From the laundry room to the bedroom, The Doctors reveal household items that could be harming your health. Then, why knowing your family’s medical history could save your life! Plus, a high-tech treatment for tendonitis. And, incredibly bizarre — but true — cases of emergency medicine.
What's Lurking in Your Washer?
We use washing machines to clean our clothes, but could they be making them dirty? And even worse, could they be making your family sick?
Which is Worse?
The Doctors conducts a poll and asks the audience members to vote for which is worse: holding in your pee vs. using a dirty porta-potty, drunk driving vs. drunk walking and binge drinking vs. daily drinking. Then, The Doctors set the record straight, and the answers may surprise you!
Authorities in China recently seized 4.6 million fake condoms, many of which had false labels carrying major brand names. The counterfeiters cut corners by using cheaper ingredients and materials, often causing a higher burst rate during sexual activity.
Learn how to identify counterfeit condoms, and which type of condoms are best to use.
Sleep Apart, Save Your Marriage?
Does your significant other snore, toss and turn or get up a dozen times during the night to use the bathroom? Although there might be something keeping him or her awake, you may be taking a risk by sleeping in the same bed!
Heart Attack at 21?
Many people in their 20s take good health for granted, but in one single moment, that preconception can change. Megan, 26, says she had always been fit, ate tons of vegetables and fruits and was the picture of health. But on the day before her college graduation, she woke up feeling excited but a little strange.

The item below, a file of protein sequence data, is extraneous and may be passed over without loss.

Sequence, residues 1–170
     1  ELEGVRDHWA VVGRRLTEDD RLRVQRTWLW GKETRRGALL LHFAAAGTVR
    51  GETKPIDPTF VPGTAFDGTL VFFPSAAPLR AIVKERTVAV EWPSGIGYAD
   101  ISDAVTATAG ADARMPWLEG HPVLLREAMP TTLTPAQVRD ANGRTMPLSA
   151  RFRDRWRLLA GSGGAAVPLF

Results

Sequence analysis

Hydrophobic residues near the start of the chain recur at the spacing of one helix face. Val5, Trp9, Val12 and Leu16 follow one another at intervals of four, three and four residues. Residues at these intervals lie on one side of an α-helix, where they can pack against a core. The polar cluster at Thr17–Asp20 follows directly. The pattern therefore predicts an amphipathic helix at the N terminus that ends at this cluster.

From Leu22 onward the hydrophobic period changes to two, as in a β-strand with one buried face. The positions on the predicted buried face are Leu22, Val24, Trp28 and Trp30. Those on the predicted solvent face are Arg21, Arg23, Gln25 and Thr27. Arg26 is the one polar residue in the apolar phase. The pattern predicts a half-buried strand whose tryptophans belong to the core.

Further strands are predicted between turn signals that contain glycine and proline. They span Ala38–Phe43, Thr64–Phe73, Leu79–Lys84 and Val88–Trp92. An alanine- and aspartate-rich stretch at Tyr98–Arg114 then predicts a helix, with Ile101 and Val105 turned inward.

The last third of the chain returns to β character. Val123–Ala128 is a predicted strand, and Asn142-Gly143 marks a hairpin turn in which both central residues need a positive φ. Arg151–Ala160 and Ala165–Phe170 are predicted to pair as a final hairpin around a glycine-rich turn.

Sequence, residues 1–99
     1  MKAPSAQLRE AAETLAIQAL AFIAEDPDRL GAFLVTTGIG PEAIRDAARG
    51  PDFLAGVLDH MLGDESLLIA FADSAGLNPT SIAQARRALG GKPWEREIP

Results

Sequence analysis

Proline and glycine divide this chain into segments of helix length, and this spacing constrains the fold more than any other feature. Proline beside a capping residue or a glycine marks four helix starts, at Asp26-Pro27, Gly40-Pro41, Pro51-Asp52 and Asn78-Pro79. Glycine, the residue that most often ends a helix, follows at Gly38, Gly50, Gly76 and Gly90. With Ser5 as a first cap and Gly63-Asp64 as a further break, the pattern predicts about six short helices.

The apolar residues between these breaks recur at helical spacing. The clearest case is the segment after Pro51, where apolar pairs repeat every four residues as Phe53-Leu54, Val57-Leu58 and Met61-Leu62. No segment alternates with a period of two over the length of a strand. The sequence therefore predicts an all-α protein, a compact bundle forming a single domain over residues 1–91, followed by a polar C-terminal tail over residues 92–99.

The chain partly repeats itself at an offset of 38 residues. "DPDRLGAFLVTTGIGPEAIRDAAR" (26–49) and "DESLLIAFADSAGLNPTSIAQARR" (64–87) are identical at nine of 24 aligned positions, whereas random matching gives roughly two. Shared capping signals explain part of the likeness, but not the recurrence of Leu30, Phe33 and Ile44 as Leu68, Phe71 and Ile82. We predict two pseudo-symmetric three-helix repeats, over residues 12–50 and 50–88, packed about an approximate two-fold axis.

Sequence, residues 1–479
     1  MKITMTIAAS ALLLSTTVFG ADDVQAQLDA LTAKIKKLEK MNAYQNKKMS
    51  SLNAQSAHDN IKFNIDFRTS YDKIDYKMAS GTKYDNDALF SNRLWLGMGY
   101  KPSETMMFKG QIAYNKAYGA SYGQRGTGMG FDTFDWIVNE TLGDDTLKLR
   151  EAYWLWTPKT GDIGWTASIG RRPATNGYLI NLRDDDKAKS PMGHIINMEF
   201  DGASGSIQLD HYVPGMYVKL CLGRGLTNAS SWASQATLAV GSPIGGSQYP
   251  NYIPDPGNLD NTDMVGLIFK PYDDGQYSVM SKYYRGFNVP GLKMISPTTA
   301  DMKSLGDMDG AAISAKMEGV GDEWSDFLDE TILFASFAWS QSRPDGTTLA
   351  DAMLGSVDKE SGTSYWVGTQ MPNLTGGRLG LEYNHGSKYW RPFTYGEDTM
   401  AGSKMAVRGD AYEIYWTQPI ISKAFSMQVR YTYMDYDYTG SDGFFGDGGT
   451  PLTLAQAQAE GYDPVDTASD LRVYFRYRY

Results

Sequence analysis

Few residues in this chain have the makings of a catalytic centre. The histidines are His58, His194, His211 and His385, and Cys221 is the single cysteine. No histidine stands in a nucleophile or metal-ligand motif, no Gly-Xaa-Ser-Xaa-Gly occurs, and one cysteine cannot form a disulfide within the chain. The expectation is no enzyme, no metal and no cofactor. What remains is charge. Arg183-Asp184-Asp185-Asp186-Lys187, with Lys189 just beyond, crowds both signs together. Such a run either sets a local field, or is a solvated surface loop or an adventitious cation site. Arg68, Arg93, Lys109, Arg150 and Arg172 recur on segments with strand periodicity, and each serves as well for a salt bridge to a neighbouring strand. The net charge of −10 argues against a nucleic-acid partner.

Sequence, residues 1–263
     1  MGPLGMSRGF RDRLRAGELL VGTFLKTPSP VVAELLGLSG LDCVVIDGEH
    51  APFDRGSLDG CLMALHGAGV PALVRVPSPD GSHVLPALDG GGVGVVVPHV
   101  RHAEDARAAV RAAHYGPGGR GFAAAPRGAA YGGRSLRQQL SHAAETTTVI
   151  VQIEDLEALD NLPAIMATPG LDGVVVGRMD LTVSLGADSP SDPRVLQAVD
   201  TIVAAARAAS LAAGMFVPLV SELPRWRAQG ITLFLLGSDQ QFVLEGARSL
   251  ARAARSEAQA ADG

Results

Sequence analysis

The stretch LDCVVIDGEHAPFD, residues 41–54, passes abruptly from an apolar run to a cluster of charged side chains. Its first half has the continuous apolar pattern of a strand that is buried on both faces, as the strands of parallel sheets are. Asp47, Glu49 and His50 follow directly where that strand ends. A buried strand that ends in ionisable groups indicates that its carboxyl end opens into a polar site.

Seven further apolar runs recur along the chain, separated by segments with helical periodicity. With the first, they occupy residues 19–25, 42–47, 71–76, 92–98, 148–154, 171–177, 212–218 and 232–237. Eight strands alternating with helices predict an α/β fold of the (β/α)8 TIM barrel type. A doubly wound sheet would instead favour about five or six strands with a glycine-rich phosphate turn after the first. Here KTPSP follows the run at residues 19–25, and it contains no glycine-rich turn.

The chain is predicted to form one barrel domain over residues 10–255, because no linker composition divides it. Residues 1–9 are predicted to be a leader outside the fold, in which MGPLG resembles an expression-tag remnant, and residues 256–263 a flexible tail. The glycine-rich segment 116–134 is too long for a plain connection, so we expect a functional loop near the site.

At first, Megan says she thought she was feeling anxiety over the impending ceremony, but instinct told her that something wasn't OK. "I wasn't in pain. It felt like a pressure on my chest, like a sack of books was resting there." To both her and her doctors surprise, Megan had suffered a heart attack.
New Procedure for "Tennis Elbow"
Imagine being in pain every day, even when brushing your teeth, washing dishes or texting a friend. Three years ago, April, 27, began noticing some soreness in her elbow, followed by tenderness and a pinching pain each time she would try to open a door or write something down.
"The pain starts at my right elbow and it radiates in a very sharp, electrical feeling down to my fingertips," April explains. A registered nurse, April says she found it difficult to spike an IV bag or insert the IV line into a patient's arm. It was even hard to start her car to get to work. "I couldn't function," she says.